Card Set Information
SFOS Lymphoid Organs Immune Response
What cells have CD4?
CD4 - Helper T Cells
CD8 - Cytotoxic Cells
What cells are effected by Natural Killer Cells and gd T lymphocytes?
By what mechanism?
Tumor cells or virally-transformed cells
Release perforins and fragmentins or cytokines
What defines an Antigen Presenting Cell?
Must express MHC Class II
Langerhans' cells in epidermis
Reticular dendritic cells of spleen/lymph nodes
Define Antigen processing
Intracellular conversion of native proteins into peptides and loading onto MHC molecules
What presents endogenous antigens?
Where does antigen processing take place?
MHC Class I
Virally infected cells, tumor antigens
Occurs in cytoplasm of infected/tumor cells
What presents exogenous antigens?
MHC Class II
What are the two types of cytokines and their associated responses?
Pro-inflammatory - cellular immune response
Anti-inflammatory - humoral immune response
Describe the mechanism of interferons
Produced by virally infected cells
Activate natural killer cells
What are lymph nodules?
Unencapsulated lymphoid tissue
MALT, GALT, BALT
What are the structural and functional differences between primary and secondary nodules (follicles)?
Secondary nodules have pale Germinal Center, contains B-lymphoblasts (active proliferation)
Primary nodules - densely packed small lymphocytes
What are Peyer's pathes and their associated structures?
Unencapsulated lymph nodules in ileum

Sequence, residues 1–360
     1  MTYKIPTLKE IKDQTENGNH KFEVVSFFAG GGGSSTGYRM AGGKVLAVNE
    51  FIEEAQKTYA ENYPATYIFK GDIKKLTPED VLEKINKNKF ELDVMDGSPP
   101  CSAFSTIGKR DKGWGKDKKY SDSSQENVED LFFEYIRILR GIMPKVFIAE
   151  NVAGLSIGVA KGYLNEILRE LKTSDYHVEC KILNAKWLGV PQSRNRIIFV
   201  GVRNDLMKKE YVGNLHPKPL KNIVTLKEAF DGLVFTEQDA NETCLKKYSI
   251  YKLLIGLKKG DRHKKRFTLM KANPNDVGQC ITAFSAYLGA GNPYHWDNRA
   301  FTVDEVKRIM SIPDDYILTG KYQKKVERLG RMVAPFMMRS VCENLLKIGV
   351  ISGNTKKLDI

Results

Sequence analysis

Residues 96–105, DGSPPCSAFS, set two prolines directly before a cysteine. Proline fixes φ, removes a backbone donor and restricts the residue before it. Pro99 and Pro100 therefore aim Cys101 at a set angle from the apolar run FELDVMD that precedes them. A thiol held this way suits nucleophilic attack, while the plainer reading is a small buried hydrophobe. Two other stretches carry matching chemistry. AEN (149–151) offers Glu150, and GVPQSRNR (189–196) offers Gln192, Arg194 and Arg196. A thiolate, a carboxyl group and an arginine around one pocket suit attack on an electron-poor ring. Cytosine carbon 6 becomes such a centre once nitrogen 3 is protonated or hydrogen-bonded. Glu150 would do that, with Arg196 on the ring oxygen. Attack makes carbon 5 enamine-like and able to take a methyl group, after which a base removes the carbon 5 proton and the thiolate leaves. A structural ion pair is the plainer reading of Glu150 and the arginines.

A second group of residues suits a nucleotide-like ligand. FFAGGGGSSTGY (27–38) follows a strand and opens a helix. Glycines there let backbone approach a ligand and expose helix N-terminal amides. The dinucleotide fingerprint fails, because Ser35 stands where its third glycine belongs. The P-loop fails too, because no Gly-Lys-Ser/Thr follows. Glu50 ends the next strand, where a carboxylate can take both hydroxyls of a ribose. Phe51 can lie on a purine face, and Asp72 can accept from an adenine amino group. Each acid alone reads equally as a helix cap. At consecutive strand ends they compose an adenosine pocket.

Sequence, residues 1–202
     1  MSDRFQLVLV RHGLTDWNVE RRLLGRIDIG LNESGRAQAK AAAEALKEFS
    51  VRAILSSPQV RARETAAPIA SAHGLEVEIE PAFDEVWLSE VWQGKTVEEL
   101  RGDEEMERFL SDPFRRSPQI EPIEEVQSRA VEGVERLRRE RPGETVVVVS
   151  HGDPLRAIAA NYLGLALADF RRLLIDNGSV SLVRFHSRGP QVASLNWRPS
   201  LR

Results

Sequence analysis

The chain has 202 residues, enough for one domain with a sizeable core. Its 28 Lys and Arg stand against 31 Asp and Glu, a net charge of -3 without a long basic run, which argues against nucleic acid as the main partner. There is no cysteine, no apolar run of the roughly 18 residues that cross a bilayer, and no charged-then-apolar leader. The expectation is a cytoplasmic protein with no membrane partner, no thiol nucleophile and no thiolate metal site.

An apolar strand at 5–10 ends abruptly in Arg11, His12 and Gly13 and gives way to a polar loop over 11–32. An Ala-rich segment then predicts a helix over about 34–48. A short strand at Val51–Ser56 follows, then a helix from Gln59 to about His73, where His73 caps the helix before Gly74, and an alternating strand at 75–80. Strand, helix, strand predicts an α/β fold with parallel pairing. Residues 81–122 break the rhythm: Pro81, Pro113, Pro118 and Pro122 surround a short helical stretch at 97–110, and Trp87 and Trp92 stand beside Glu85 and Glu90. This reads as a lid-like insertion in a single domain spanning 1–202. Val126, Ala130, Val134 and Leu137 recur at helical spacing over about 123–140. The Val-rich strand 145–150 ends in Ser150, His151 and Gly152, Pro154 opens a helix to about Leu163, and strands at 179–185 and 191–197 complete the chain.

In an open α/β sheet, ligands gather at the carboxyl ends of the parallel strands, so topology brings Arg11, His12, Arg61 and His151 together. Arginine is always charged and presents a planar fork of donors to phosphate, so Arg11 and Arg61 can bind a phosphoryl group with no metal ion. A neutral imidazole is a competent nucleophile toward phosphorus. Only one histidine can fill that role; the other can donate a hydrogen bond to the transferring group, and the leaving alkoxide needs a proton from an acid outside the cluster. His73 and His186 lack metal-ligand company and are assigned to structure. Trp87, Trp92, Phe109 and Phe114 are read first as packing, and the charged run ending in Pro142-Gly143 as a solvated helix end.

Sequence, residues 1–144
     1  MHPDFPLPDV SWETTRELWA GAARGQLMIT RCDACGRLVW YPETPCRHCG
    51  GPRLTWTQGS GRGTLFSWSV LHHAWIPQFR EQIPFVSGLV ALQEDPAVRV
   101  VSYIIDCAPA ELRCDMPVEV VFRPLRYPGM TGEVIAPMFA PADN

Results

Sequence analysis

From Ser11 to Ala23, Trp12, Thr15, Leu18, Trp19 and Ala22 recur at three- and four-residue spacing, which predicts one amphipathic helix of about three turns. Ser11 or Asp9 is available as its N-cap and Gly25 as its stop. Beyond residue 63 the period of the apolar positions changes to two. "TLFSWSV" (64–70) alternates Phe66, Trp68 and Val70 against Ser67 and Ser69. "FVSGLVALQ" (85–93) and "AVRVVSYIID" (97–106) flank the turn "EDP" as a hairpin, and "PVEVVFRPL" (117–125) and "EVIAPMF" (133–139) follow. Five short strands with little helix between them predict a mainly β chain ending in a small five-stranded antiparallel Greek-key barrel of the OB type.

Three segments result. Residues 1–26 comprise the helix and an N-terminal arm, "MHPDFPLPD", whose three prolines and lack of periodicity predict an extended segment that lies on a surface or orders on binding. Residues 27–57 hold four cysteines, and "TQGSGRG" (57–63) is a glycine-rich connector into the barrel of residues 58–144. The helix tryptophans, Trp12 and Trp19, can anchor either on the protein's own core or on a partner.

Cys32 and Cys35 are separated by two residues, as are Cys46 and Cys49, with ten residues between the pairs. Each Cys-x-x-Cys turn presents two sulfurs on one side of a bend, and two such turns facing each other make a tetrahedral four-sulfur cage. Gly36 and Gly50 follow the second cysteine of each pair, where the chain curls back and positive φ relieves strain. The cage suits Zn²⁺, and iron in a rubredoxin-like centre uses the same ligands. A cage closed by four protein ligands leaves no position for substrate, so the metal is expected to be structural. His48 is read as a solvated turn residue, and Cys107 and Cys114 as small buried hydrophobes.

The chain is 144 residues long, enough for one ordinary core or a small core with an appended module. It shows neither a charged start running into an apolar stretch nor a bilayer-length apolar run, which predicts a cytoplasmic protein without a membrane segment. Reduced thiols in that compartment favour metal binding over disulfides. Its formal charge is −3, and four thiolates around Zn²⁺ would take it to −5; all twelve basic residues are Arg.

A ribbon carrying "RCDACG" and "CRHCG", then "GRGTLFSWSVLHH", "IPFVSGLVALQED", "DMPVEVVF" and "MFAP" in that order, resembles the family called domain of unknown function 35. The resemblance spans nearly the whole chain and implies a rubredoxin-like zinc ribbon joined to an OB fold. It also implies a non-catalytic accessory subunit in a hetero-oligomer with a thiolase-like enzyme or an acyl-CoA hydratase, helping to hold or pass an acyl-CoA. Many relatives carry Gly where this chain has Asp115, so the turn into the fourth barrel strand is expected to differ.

Contain high endothelial venules (blood vessels)
M (microfold) cells - endocytose antigens
1. Are tonsils encapsulated?
2. Describe the crypt structure of different tonsils
1. Yes - dense connective tissue capsule
2. Palatine tonsil - 10 to 20 deep crypts
Pharyngeal tonsil (adenoid) - no crypts
Lingual tonsil - single crypt
What are the function of lymph nodes?
Reaction to antigens presented to B lymphocytes by macrophages and follicular dentritic cells
Extensions of the capsule into the lymph tissue
What are the structural framework cells/fibers of lymph nodes?
Describe the path of lymph in a lymph node
Afferent lymphatic capillaries -->
Subcapsular sinuses -->
Trabecular sinuses -->
Medullary sinuses -->
Efferent lymphatic vessel
Where do B cells differentiate?
Interfollicular spaces in the cortex of lymph nodes
Where are T Cells located in lymph nodes?
Deep dense paracortical area
Describe the splenic features:
1. White pulp
2. Periperal white pulp
3. Red pulp
4. Marginal zone
1. T-lymph in Periarteriolar lymphatic sheaths (PALS), B-lymph in nodules
2. B-cell area in white pulp
3. Splenic cords and sinusoids
4. Area between white and red pulp containing APCs
Does the thymus have germinal centers or nodules?
Cortex is T Cells
What tissue forms the thymus?
Endoderm - epithelial reticular tissue
What is thymic education and where does it take place?
Maturation of lymphatic stem cells
What prevents foreign antigens from reaching the thymic cortex?
Blood-thymic barrier (type I cells)
What are the types of epithelioreticular cells?
Type I - blood thymic barrier
Type II - express MHC I/II
Type III - express MHC I/II, cortex/medulla barrier
Type IV - cortex/medulla barrier
Type V - ?
Type VI - for Hassel's corpuscles (produce thymic hormones)